It is a curious fact that some individuals spend the formative years of their lives striving to reach a lofty goal only to be disillusioned once they have arrived. With their enthusiasm drained, these unfortunate souls no longer tackle their chosen pursuits with joy, but rather fall back into the ranks of those who are stuck doing a job that they loathe.
Let’s just get right to the point. Wayne Johnson isn’t a kid, and whatever glamourous fantasies he may have held about the life of a professional racer were dashed long ago. That observation simply means he has seen and tasted enough to be a realist. But being realistic does not portend a desire to retreat, nor does it mean that Johnson has lost the thrill of feeling a sprint car respond to a stab of the pedal or a deft turn of the wheel. If your hair is a bit thin and gray at the temples, here is a guy to root for.
At 49 years old, he was the World of Outlaws Rookie of the Year. That’s the good news. It was also a hard season. There were trying times. Frankly, there were fleeting moments when he even wondered if he belonged. Thankfully, those negative thoughts have been relegated to the dustbin.
If there is a lesson to be learned by hitting the road and racing night after night it is this: You have to put the last performance, good or bad, in the rearview mirror.
Additionally, if you want to compete with the Outlaws, you had better be prepared to put in the work, and you had best be in attack mode every time you hit the track.
Johnson had toured enough to know this. He has also been successful at this game, and success is a powerful reserve to draw upon when times get tough. It was the knowledge that he had performed at a high level in the past that left him frustrated.
Before the last wheel of the 2020 season was turned at Charlotte, Johnson needed some answers. He had to know the answer to a basic question: Did the problem reside within the race car or was it the guy holding the wheel? The results of his endeavors, as we will see, produced a sigh of relief. So here is where the Oklahoman is now. He can’t wait to get back to action, and back with the World of Outlaws. He harbors no illusions. He’s not going to vie for the championship. However, he believes he can win, and that provides all the motivation he needs.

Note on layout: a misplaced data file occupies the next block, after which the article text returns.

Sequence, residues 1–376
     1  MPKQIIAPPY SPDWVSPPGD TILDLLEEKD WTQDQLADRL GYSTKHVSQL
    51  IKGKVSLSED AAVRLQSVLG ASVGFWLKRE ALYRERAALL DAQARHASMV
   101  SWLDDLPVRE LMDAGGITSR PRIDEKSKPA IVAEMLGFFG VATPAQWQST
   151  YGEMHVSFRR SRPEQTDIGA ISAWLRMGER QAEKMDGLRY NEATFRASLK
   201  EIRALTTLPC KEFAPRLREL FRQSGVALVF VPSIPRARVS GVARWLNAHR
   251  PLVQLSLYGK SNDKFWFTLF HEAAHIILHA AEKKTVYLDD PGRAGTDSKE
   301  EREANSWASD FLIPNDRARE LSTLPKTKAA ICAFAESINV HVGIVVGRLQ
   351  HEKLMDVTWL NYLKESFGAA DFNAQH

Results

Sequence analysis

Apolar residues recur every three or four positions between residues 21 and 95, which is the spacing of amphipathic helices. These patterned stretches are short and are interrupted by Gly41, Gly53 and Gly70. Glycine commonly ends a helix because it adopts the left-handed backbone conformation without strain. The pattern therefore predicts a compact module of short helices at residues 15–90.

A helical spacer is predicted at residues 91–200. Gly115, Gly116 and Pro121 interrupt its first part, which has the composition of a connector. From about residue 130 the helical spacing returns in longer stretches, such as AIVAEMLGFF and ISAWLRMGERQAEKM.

There are those who make their way into the sport by the most circuitous route imaginable. It leaves one to wonder about the pattern of chance events that made this even possible. Such speculation is superfluous when it comes to Wayne Johnson. He was born into the sport, with his father Henry and older brothers Bud and Mike showing the way.
Johnson grew up in Tuttle, a suburb on the southwest side of Oklahoma City. Henry Johnson was the proprietor of several junkyards, a wrecker service, and a truck salvage. In his sons’ words, “He was stupid busy.” He also liked to race, and would compete in everything from the classic 100-inch supermodified to a late model.
Wayne can hardly remember a time when he wasn’t at the race track. Henry would race at the State Fairgrounds in Oklahoma City, as well as many of the tracks in the surrounding area. “The first race I remember going to,” Wayne recalls, “was in the little town of Goldsby, which is just south of Norman on I-35. If you drive down their right now it would take you 20 minutes, but as a kid it seemed like it took you two days to get there.”
From the very beginning, Wayne loved racing. In fact, it is all he wanted to do. Every ingredient was in place for him to get involved. He had desire, his family was active in racing, and even their livelihood centered on automobiles. This was also Wayne’s problem. Everybody was busy and had little time to focus on him. So, when he looks back on the very early days of his career, he says, “The thing was, I never got to race anything consistently, and they weren’t going to take time for my butt to do it. There was a motocross track out on 59th Street and I ran there a few times. My mom was the one who took me there. And a friend of mine, a neighbor, raced Odysseys. So, I did that, but only when they went.